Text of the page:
SRU Operations


This section assumes that you run the SRU service using the CGI application. If you use the standalone server instead, please adapt the URLs by replacing "" with "http://localhost:8080/".

SRU defines three operations, all of which return XML documents:


describes the available facilities in terms of record schemas, available indexes and so on. Sort of a cheat sheet. The original specification is here.


performs a database query and retrieves the matching datasets. The original specification is here.


retrieves a list of matching search terms for later use in a searchRetrieve operation. The original specification is here.

You are encouraged to peruse the linked specifications above to learn the general principles. The following sections build on this knowledge and describe the RefDB SRU interface with a focus on its peculiarities and limitations. We'll assume that your web server is set up to run the refdbsru CGI script using the following URL:

The explain operation

The explain operation is the simplest of all and a good start to introduce the syntax of the SRU interface. RefDB fully supports the explain operation. Any of the following URLs typed into your browser will run it:




The URL part following the question mark ("?") in the third example is the search-part which consists of "parameter=value" pairs glued together with ampersands ("&"). Both parameters shown here are mandatory for all SRU operations as we'll see shortly.

The query will return a XML document describing the capabilities of the RefDB SRU interface.

The searchRetrieve operation

The searchRetrieve operation is the one used to actually get hold of the reference data you're looking for. Your query is sent in the query parameter which is mandatory for this operation. A few examples:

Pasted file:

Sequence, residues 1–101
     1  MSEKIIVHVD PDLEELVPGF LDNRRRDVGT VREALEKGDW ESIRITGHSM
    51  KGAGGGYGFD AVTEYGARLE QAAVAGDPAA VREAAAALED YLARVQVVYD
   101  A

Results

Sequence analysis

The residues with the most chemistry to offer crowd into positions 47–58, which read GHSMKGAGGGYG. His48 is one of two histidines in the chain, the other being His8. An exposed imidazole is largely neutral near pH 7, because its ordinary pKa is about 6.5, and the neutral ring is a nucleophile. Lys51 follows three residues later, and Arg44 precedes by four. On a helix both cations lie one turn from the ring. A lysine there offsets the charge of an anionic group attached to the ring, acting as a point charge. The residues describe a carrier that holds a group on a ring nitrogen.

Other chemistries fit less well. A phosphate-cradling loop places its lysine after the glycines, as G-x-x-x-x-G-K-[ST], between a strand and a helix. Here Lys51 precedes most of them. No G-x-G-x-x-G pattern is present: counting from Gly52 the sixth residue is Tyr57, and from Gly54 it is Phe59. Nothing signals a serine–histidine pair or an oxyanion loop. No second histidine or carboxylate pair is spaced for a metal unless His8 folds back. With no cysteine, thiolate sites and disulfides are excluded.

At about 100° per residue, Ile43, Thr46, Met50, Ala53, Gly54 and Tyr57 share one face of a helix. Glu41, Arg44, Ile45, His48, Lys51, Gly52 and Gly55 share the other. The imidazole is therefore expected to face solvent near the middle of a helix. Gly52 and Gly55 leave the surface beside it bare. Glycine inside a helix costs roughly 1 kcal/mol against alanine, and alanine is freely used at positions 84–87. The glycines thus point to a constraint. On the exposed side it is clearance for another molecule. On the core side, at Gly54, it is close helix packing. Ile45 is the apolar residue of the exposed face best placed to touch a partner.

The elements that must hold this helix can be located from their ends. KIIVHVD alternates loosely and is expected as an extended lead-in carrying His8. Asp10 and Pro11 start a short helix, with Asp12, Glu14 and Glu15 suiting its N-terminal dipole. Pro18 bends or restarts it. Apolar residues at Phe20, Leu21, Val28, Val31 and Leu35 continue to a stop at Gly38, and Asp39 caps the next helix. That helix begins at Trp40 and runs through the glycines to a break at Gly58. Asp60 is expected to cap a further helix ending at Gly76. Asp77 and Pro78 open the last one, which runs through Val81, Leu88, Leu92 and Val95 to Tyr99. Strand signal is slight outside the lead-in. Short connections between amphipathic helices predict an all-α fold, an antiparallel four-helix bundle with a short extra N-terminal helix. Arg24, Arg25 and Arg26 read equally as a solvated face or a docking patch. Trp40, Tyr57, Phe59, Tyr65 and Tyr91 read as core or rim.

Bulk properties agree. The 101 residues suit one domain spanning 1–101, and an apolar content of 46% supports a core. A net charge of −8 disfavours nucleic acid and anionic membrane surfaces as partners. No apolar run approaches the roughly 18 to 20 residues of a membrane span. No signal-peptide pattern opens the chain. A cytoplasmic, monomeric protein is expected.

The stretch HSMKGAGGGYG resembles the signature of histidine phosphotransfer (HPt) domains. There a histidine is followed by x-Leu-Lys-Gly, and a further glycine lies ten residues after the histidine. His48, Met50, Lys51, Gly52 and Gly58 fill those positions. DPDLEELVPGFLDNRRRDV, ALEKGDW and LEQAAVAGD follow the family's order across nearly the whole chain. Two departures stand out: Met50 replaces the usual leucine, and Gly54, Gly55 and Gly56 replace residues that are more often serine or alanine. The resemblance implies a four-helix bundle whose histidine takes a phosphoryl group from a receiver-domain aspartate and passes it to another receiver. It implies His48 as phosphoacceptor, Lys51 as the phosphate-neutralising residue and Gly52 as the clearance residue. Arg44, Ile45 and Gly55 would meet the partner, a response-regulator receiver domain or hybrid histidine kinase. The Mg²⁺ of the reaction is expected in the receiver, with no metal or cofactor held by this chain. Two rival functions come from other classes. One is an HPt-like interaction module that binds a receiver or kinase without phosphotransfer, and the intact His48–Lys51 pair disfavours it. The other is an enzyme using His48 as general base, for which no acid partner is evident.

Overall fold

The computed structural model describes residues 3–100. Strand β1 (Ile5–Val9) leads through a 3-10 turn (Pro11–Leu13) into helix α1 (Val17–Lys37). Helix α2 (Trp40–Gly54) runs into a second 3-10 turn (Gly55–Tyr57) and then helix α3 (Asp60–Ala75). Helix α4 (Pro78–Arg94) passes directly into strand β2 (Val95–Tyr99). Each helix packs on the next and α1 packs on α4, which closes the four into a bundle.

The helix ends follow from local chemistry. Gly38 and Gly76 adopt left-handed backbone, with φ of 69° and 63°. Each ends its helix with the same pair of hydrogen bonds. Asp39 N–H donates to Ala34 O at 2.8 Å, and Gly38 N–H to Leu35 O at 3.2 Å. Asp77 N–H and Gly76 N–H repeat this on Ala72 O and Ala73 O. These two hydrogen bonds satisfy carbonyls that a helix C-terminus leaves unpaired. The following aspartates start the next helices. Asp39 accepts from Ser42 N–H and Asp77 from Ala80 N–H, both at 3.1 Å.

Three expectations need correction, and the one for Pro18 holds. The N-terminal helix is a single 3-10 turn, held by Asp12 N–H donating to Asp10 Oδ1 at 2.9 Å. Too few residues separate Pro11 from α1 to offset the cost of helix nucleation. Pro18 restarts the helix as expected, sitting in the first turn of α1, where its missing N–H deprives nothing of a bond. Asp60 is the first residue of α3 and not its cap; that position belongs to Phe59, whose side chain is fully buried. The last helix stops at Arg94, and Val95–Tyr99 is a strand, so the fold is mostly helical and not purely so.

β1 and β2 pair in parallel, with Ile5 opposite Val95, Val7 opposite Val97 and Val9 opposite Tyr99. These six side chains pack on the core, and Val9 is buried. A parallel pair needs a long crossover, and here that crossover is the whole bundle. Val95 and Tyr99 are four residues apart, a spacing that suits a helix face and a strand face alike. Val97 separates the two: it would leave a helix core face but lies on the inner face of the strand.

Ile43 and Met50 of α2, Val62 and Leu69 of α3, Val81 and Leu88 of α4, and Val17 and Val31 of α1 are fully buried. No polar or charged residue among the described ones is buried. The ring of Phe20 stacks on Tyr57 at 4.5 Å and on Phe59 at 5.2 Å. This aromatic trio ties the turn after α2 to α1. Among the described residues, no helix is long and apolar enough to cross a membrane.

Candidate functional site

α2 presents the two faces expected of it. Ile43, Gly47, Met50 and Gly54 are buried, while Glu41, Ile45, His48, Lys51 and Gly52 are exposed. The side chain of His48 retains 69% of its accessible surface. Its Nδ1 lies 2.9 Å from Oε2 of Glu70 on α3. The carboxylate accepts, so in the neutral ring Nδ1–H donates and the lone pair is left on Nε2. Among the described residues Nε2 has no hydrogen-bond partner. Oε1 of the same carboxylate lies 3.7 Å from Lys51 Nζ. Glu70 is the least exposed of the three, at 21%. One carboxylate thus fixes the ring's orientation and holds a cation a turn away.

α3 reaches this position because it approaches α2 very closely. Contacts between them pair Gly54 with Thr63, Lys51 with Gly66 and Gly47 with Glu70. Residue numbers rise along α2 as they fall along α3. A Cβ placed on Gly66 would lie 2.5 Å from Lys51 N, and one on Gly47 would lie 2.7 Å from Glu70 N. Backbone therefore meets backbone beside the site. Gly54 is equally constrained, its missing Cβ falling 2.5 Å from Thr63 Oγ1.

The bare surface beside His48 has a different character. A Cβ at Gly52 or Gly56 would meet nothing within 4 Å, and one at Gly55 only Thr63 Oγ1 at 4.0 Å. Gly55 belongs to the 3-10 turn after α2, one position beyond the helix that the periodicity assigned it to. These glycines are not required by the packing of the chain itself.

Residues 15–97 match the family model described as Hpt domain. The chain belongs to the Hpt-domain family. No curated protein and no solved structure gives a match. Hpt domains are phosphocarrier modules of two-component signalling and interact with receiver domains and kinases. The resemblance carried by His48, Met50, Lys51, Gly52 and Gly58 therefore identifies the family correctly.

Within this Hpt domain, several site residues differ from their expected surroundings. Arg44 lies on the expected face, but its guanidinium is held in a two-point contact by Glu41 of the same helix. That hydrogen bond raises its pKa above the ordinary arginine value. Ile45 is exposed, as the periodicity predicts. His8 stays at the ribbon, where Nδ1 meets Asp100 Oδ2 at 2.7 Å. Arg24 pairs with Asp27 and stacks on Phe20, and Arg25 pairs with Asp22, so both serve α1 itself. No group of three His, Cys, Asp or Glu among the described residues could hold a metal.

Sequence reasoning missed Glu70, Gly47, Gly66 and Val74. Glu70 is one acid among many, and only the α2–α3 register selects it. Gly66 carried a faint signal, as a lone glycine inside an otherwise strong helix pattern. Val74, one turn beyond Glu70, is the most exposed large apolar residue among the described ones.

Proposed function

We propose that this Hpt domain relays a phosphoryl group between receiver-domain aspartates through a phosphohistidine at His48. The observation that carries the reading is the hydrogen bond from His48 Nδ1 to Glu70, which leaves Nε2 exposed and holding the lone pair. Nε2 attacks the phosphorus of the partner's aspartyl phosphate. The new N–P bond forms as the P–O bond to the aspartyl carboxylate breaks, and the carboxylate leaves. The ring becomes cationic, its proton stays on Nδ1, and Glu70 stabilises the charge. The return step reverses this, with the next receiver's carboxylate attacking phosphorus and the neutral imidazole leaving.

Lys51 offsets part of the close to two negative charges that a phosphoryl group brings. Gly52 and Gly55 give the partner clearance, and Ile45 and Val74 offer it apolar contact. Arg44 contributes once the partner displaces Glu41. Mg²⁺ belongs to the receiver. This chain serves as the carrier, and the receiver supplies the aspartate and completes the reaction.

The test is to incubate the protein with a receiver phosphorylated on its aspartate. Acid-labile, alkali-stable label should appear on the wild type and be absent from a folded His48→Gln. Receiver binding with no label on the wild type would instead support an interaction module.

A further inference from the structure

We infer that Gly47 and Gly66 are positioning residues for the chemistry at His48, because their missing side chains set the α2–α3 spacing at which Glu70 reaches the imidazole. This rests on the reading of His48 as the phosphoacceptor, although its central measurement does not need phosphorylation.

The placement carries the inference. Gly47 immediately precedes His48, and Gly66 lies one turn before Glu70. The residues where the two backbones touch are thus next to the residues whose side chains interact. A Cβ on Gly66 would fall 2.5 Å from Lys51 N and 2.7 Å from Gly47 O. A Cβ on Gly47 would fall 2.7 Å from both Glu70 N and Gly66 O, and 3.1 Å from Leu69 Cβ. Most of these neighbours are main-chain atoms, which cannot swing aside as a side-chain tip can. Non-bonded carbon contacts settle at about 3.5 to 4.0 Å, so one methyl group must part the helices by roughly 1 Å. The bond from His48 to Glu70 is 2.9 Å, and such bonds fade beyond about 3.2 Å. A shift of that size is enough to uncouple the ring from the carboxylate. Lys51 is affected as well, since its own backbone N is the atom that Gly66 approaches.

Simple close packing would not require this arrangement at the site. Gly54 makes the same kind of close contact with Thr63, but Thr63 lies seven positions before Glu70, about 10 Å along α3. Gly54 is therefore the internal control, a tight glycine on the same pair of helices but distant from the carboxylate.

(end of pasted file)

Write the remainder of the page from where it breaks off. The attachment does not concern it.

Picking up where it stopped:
•,Henry J.%22

  • dichroism%22+or+dc.subject%3d%22NMR%22

The first example requests the bibliographic data in MODS format. The query proper reads '"Miller, Henry J."' and translates to a search for all references where a person with that name is listed as an author, editor, or series editor. The second example requests the data in risx format and searches all references with the keywords "circular dichroism" or "NMR".

Both examples make use of percent encoding to make the URL string conform to the specs. This is further discussed below.

The query parameter

The query parameter describes the criteria of your database query and is a string using the Common Query Language.


The RefDB SRU support conforms to CQL Level 2. The following general restrictions apply:

  • RefDB does not support persistent result sets. Therefore, the resultSetTTL request parameter is meaningless, and it is not possible to reference a result set in a subsequent query.

  • RefDB does not support XPath expressions to modify the results. Therefore the recordXPath request parameter is not honored. You can of course apply any XPath expressions on the client side using an appropriate processor.

  • Sorting is currently not supported, and the sortKeys parameter is not applicable. Data will always be sorted by ID

  • The recordPacking parameter is not supported. Records are always returned as XML.

  • RefDB does not support relation modifiers and boolean modifiers in CQL queries.

  • prox is not supported as a boolean operator.